Perfectly Imperfect

The screams hit me when I entered the store. Perfectionism! It was everywhere. From the wrinkle-reducing serums and creams, to the perfectly-placed sweater on the perfectly-made model.

A society obsessed with perfectionism, a world searching for the unblemished, the unflawed, the unreal.

I can never live up to society’s standards, a world of plastic-molded women with perfectly placed body parts, measured by a machine, created by someone I don’t even know. Magazine covers, enhanced by photographers. Ads selling products to make us perfect, like the rest.

Remove blemishes! Ward away dimples! Soften your skin! Buy it all, and you will perfect.

As if you aren’t good enough the way you are.

Clothes formed to tuck-in tummies, hair products to keep every strand in place, lip colors to erase the blandness we think exists.

As if that wasn’t enough, our attitudes, the images of who we are, are to be perfect, too. No crying, no sobbing, no telling the world what we think. This is what I was taught, this is what I believed, to be stoic was to hold grace. It isn’t true.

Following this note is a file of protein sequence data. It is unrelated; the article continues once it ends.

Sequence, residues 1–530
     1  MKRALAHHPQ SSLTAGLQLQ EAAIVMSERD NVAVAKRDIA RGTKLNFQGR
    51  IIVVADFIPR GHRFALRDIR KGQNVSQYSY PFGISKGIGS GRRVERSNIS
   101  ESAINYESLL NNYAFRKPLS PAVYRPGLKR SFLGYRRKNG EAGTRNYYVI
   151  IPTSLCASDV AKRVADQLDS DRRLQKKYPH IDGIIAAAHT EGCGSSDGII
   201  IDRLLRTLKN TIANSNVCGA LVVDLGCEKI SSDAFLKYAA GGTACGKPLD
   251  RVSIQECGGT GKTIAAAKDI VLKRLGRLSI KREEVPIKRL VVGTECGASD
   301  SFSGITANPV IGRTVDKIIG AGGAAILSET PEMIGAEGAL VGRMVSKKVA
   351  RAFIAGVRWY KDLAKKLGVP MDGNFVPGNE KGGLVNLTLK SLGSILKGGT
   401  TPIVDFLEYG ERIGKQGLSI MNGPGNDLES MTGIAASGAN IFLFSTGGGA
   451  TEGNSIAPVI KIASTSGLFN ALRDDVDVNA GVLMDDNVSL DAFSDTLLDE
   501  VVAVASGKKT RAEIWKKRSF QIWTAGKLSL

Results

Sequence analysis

Ads, society, tell us, we, our homes, our lives, should be in perfectly formed arrangement. But try as we might, it never will be.

We are flawed. Blemished. But good enough the way we are.


This has been my year of perfectionism, the year I am learning to let go.

Perfectionism has followed me my whole life, from the time I was a little girl with perfectly placed curls around my hair, decked out in a perfect little dress over my not-so-perfect body.

I turned into a teen and spent hours in the bathroom, trying to create perfect skin, perfectly shaved legs, and perfect hair. I grew so obsessed with perfectionism, I became anorexic, fooling everyone, even my parents.

As an adult, I maintained (or tried to) the perfect home, no dust, no dirt in sight. Nothing out of place. Everything cleaned, always put away.